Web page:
As a political scientist, I’ve never liked the name of the discipline. I certainly don’t think of myself as a “scientist.”
Andrew Ferguson’s current feature essay in The Weekly Standard “The ‘Science’ of Same-Sex Marriage” considers the unique brief filed by Leon Kass and Harvey Mansfield in the Proposition 8 case that is now before the Court. Also discussed by Nelson Lund, the brief’s counsel of record, in Wednesday’s Wall Street Journal, the Kass-Mansfield brief does not engage in direct advocacy on behalf of the California law that bans same sex marriage in that state. Rather, the brief purports only to demonstrate that social science claims made in support of a radical departure from the principles of Western marriage law are quite inconclusive and are contrary to statements put forward by researchers and organizations like the American Psychological Association. Ferguson summarizes their position as follows:
“The social and behavioral sciences, they write, have a long history of being shaped and driven by politics and ideology.” They note pointedly that two generations ago, the “scientific consensus,” as represented by the American Psychiatric Association, was that homosexuality was a “mental disorder.” The consensus was publicly reversed in 1973, and science, to paraphrase Mae West, had nothing to do with it: Both positions, before and after, were determined by political and cultural considerations.
Now, of course, the American Psychological Association, which waited until 1975 to “depathologize” homosexuality, tries to lend its shaky intellectual credibility to the cause of gay marriage in general and gay parenting in particular. In 2005, it issued a bull declaring the “no difference” finding a matter of settled science. Kass and Mansfield point to a recent paper by Loren Marks of LSU, who had the temerity (and professional death wish) to go back and actually read the 59 studies the APA cited in its decree. They were shot through with conceptual and methodological flaws: small, nonrandom “convenience” samples, a recurring lack of control groups, shifting and poorly defined outcomes, and a steady pattern of comparing apples to oranges—for example, placing the children of intact, well-to-do lesbian households up against children reared by single heterosexual parents.
In all aspects of gay marriage, Kass and Mansfield write, the “body of research . . . is radically inconclusive.”
There is a rather interesting connection between the Kass-Mansfield brief and a new essay by the singular Mansfield “On the Majesty of the Law” in the current Harvard Journal of Law and Public Policy. Both the brief and the essay evince the notion that law is a whole even in its parts and must come from a source above or apart from the community. That law must be good and seen as good by the community to which it belongs. So perhaps the abiding question connecting the essay and the brief is if the social scientists Kass and Mansfield identify have kept this reasonable faith, or have they sought to unmask the law as the design of calculating men with themselves as the most calculating of all?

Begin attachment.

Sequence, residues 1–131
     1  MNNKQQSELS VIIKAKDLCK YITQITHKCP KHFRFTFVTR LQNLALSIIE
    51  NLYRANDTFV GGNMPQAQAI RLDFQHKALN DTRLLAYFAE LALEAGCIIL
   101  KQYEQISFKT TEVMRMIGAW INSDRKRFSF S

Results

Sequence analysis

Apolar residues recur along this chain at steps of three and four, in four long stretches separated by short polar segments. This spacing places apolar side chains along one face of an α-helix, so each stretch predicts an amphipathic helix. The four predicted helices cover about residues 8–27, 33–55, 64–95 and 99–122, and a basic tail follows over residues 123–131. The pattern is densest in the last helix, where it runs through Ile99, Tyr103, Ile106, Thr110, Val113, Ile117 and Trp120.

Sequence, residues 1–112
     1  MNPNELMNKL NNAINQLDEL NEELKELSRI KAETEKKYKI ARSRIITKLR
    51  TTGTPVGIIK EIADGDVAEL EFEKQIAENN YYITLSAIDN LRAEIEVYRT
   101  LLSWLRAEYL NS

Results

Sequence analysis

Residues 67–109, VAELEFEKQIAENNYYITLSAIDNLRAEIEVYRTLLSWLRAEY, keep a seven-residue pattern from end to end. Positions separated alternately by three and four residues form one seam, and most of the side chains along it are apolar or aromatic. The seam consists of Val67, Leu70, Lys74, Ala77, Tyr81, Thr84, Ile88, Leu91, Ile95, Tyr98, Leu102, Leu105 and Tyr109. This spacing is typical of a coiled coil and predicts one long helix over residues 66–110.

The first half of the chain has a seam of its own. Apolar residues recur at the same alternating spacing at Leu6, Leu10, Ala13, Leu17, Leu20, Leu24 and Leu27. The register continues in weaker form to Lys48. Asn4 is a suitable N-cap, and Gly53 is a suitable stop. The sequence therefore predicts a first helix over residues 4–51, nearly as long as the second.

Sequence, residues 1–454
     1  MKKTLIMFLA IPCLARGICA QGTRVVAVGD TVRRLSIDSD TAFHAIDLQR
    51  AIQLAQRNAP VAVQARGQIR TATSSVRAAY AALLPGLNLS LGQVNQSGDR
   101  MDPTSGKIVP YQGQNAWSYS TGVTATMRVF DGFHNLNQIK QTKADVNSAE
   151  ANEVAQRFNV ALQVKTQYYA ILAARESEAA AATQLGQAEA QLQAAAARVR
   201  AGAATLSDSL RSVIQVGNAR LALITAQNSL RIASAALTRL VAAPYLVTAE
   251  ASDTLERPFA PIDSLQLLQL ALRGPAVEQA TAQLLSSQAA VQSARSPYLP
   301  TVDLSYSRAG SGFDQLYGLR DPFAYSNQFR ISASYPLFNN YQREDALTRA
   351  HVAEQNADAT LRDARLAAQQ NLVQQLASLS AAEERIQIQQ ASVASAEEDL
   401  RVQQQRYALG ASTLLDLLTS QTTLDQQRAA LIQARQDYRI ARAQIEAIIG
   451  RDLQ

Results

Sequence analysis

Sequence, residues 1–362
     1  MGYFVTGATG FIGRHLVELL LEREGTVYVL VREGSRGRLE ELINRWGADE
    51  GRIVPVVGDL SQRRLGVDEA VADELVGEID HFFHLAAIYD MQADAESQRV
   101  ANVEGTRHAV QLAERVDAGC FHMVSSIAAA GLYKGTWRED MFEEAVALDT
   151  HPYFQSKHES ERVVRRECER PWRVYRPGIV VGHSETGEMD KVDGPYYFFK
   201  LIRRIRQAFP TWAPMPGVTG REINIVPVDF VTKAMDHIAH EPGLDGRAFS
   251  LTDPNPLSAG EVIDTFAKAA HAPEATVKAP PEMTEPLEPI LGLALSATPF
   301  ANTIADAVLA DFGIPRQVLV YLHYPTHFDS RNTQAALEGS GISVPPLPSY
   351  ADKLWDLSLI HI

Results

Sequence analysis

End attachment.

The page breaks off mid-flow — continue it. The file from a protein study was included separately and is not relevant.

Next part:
In the course of the essay Mansfield moves through legal realism, natural law, positivism, self-interest, and pragmatism as the purported foundations of law in a modern state. But can these, Mansfield asks, ever be enduring sources of law in a free republic? Is man as a reasonable being and also the being prone to disobedience and trouble, finally attached to law that is an endless experimentation, as in pragmatism, because law has no content rooted in nature? Or is man loyal to law that is merely the force of the sovereign, as in positivism, and that need not be enacted with any real support in moral reason? In short, “We do require public assurances that public justice is serious business. Above all, any appearance that the law can be circumvented by private approach or by interested calculation—and this warning is directed to professors—is to be avoided.”
Law is a cutting, we are told, but also an inclusion. We make distinctions between the legal and the illegal, and include within the law a notion of the whole. So we might ask is the discrimination against same-sex relationships by public marriage law a reasonable discrimination rooted in principles that go to the nature of marriage itself? Is the principle of heterosexual complementarity as the form of marriage and the inherent potential this form has for producing new life one that the state has a decisive interest in for purposes of ensuring a thriving civil society? If not, what is marriage to be rooted in? What will be its definitive legal form?